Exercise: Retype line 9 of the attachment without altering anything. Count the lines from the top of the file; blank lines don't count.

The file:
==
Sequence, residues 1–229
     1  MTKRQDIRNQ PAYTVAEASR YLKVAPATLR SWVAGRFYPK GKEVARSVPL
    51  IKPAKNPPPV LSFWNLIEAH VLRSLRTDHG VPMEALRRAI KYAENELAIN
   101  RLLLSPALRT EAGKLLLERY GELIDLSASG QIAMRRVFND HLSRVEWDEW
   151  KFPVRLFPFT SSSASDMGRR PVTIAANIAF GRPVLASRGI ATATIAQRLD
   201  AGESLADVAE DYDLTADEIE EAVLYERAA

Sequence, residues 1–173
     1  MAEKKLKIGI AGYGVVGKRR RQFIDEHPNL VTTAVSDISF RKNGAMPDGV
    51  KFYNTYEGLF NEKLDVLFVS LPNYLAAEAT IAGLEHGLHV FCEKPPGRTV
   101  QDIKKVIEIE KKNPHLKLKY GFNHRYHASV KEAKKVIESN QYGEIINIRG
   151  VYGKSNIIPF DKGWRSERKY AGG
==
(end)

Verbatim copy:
    51  KFYNTYEGLF NEKLDVLFVS LPNYLAAEAT IAGLEHGLHV FCEKPPGRTV